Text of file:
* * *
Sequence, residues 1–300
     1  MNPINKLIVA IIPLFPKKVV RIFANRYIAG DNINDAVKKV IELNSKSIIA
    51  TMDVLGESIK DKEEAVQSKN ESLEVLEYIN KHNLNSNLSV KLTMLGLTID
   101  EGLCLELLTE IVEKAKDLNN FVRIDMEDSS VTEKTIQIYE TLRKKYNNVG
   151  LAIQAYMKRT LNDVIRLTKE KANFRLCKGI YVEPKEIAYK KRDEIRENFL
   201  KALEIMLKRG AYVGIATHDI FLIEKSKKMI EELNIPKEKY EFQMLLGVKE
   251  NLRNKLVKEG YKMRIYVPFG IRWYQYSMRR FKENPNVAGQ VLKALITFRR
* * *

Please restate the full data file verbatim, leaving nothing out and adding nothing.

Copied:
Sequence, residues 1–300
     1  MNPINKLIVA IIPLFPKKVV RIFANRYIAG DNINDAVKKV IELNSKSIIA
    51  TMDVLGESIK DKEEAVQSKN ESLEVLEYIN KHNLNSNLSV KLTMLGLTID
   101  EGLCLELLTE IVEKAKDLNN FVRIDMEDSS VTEKTIQIYE TLRKKYNNVG
   151  LAIQAYMKRT LNDVIRLTKE KANFRLCKGI YVEPKEIAYK KRDEIRENFL
   201  KALEIMLKRG AYVGIATHDI FLIEKSKKMI EELNIPKEKY EFQMLLGVKE
   251  NLRNKLVKEG YKMRIYVPFG IRWYQYSMRR FKENPNVAGQ VLKALITFRR